NNAMDIWell, globalization brought some of these pesky pests, just leave and go someplace else.
RAUPPAbsolutely. We've given the worst insect pest to Asia. China now has a species called the white moth, which we know here as fall webworm. It's become the number one forest pest in China.
NNAMDISomehow I take no comfort in that whatsoever. Do we know how mosquitoes have faired during this winter's harsh temperatures and can we hope for less swatting at this summer's cookouts?
RAUPPYeah. Well, the good news here on this, they have very, very clever adaptations for withstanding cold, unfortunately. We have mosquitoes that do very well in places like Greenland, which is much colder than here. Some of the 80 species. They, over winter, primarily as eggs. Some of the ones that spread west Nile will over winter as adults. But I don't really see that we're going -- we shouldn't expect a dent in those indigenous mosquitoes, I don't believe.
RAUPPThey've seen this kind of cold in their history. So, unfortunately, I think not. As cold persists, however, it causes the mosquitoes to have a later start. So, again, their development is based on temperature. So the longer we stay chilly, the further back in the season they will be pushed and there will simply perhaps be less time for them to complete more generations.
NNAMDIWe have Len (sp?) in Silver Spring, MD. Hi, Len.
LENHi, Kojo. Great show. We missed you when we lived in Florida for three years.
NNAMDIWell, glad to have you back.
LENI have a question on these electronic plug-ins that say they keep the bugs out of your house. The house-sitter who was in our house for two years, plugged them into all the outlets. Do you know anything about that? Does it work? Or is it just psychologically working?
RAUPPWell, what do you think, Len? Do you have less bugs now than you had before?
LENIt's winter, so I don't know.
RAUPPOkay. Well, you know, I get asked this question from time to time. I simply can't find a well-documented scientific study to support this. So that's why I asked. I was about to say, if you think they've worked for you, then that's good. And I certainly wouldn't dissuade you from doing so. But I cannot find a scientific report to back this up. So I'm just going to kind of leave it at that. I personally would not do this in my own home.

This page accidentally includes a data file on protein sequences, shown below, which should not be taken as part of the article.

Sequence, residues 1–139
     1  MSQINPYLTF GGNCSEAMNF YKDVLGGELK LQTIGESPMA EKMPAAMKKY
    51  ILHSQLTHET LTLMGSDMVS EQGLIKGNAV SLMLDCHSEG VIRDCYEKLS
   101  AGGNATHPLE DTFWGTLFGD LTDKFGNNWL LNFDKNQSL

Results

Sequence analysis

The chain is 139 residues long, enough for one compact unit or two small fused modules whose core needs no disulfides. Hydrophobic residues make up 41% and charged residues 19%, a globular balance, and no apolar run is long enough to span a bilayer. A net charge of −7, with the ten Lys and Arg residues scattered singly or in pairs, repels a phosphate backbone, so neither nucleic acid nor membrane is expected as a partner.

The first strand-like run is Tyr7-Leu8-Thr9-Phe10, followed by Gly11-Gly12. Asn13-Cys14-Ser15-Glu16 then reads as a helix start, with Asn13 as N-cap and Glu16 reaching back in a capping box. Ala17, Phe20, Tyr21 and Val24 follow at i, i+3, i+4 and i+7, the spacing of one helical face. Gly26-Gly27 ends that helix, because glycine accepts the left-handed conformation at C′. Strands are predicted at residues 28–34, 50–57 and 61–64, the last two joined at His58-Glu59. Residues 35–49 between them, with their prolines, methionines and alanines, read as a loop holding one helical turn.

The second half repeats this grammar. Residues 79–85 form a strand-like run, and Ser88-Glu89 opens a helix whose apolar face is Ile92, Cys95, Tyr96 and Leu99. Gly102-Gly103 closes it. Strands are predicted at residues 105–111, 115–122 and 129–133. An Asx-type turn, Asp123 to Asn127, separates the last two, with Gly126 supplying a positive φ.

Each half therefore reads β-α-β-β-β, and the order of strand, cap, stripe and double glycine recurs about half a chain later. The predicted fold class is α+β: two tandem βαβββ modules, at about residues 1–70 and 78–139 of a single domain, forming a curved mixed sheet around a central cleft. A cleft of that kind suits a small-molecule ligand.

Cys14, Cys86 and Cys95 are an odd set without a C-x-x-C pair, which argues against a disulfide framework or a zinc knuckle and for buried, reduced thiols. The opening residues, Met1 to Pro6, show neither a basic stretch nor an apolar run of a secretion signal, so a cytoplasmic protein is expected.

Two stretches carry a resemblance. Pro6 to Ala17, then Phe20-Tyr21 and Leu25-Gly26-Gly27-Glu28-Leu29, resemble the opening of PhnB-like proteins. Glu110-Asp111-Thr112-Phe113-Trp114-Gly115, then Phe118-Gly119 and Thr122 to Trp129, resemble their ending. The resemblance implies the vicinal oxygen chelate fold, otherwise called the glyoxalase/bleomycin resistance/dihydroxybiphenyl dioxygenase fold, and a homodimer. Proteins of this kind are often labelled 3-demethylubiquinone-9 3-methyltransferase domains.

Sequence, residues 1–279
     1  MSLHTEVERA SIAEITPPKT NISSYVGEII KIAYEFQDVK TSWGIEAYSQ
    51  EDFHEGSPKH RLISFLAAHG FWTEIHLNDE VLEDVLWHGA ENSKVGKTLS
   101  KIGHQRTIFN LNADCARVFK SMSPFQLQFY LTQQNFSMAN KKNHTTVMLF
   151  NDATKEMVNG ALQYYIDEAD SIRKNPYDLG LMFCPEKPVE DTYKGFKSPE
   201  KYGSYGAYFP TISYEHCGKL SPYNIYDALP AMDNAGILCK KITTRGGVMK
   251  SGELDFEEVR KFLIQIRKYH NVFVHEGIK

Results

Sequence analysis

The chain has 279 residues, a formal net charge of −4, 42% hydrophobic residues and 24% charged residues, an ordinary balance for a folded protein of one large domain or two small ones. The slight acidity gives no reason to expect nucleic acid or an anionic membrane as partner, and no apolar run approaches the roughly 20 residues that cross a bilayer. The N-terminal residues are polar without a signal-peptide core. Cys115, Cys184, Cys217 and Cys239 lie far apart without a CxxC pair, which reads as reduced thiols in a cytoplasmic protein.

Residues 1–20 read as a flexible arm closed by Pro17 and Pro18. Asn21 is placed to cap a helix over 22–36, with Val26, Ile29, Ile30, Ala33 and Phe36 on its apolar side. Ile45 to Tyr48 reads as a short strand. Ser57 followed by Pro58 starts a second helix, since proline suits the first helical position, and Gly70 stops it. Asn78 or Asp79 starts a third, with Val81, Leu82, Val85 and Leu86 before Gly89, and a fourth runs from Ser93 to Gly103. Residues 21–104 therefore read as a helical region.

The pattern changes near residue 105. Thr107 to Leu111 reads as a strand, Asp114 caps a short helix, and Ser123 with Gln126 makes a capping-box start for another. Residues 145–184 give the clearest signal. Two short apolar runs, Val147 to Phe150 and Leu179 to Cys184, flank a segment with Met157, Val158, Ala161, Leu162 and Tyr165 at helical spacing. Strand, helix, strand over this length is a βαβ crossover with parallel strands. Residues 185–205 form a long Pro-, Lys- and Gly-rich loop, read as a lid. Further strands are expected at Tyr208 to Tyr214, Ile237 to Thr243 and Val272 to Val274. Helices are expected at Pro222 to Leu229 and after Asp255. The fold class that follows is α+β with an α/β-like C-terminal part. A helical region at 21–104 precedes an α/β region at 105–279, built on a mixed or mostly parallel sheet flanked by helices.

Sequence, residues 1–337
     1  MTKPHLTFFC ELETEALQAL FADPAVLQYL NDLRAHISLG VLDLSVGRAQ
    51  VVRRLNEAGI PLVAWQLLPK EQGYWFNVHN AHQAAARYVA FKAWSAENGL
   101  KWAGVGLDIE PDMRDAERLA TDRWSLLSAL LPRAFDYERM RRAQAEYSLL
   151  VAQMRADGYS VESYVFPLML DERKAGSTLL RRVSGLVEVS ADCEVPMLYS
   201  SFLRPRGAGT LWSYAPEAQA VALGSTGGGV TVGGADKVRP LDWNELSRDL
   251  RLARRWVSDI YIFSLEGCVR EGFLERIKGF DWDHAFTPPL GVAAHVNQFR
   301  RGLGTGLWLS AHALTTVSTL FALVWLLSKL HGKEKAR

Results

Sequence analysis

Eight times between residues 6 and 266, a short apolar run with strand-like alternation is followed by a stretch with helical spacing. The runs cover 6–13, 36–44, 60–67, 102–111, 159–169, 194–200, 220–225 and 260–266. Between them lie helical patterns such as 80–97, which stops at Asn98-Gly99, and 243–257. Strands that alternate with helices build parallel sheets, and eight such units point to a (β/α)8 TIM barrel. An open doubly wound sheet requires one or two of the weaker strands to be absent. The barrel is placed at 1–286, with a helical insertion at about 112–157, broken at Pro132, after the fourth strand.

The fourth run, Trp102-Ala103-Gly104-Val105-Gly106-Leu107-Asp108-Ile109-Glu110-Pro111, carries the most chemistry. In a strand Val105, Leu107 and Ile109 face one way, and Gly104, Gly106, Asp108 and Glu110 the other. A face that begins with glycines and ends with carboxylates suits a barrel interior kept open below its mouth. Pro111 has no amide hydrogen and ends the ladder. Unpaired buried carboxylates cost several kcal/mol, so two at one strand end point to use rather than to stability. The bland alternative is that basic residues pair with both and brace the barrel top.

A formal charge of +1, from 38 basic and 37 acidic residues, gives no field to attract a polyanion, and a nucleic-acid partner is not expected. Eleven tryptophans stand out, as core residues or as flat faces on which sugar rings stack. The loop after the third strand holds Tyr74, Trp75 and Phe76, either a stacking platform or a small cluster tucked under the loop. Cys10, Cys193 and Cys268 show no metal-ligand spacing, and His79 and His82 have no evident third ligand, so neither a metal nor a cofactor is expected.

NNAMDILen, thank you so much for your call. Another worrisome and disease-carrying insect is the tick, which can carry illnesses like Lyme disease. Do we know what this cold winter has meant for ticks?
RAUPPAgain, ticks have been out an awfully long time, Kojo. They've been at it for tens of millions of years. They've seen warm. They've seen cold. I think the ticks are going to be okay. The good news here, however, is that the -- one of the hosts, the white-footed mouse, the small mammals from which these ticks often take their first meal and often pick up the, really, the bacterium that's the causal agent of Lyme disease, we know that severe winters will suppress the populations of these small mammals.
RAUPPSo what we might expect, we wouldn't necessarily expect to see a decline in the tick populations this years, but perhaps next year downstream if the mice populations have been impacted throughout their range by these cold temperatures and there are fewer mice for these larval ticks to feed on, this means fewer of these ticks will survive, fewer of these ticks will pick up the Lyme disease causal agent.
RAUPPAnd perhaps two years downstream, we might see a dip in the incidence of Lyme disease, which would be a very good day.
NNAMDIOn to Kim in Eldersburg, MD. Kim, you're on the air, go ahead please.
KIMHello. I have to say I have immensely enjoyed this discussion, you're quite witty. My question for you is, is there any hope of some kind of defense against the stinkbugs? They seem to have just been able to run rampant without any kind of, you know, predators or anything. And we don't have any traps or any kind of defense. I'm just wondering if there's any hope in the horizon even?
NNAMDIHere's Mike Raupp.
RAUPPYeah, Kim, there is hope on the horizon actually. We've learned a great deal over the past two years. There's a large team of scientists nationwide working on this project. For our commercial growers, we found some very clever ways, better ways to time treatments to help smack these bad boys down. For the homeowners, folks like yourself, we now know that in our landscapes, in our nurseries in particular, some of the native natural enemies, tiny parasitic wasps that formerly were attacking other stinkbugs that are native to this country have now jumped over and they're beginning to have an impact on our stinkbugs.
RAUPPThere's a whole host of predatory insects, crazy guys like the amazing wheel bug. It's an assassin bug. It loves to eat stinkbugs. Spiders are eating stinkbugs. So we're seeing a whole host of natural enemies now attacking and killing stinkbugs. And I think we can be optimistic that some of the good guys in this country are going to put the beat down on this exotic pest.
NNAMDIMike Raupp is the Bug Guy. He's a professor of entomology at the University of Maryland. Mike Raupp, always a pleasure.
RAUPPGreat to be here, Kojo. You caught me sipping on my water. Thank you so much, sir.
NNAMDIThank you all for listening. I'm Kojo Nnamdi.
Most Recent Shows
In author Jabari Asim's fictionalized St. Louis -- the 'Gateway City' first introduced in his short story collection 'A Taste of Honey' –- characters come to grips with the fallout of the civil rights era in surprising ways. We talk with Asim about the fictional world he created and examine the realities of how we deal with race in America today.
We explore the lessons from cities that have boosted their minimum wage as D.C. activists try to get a minimum wage hike on the ballot next year.
Kojo sits down with Baltimore City Health Commissioner Dr. Leana Wen to talk about her first months on the job, how she's prioritizing public health needs, and how her personal story instructs her vision for health policy and progress in Baltimore.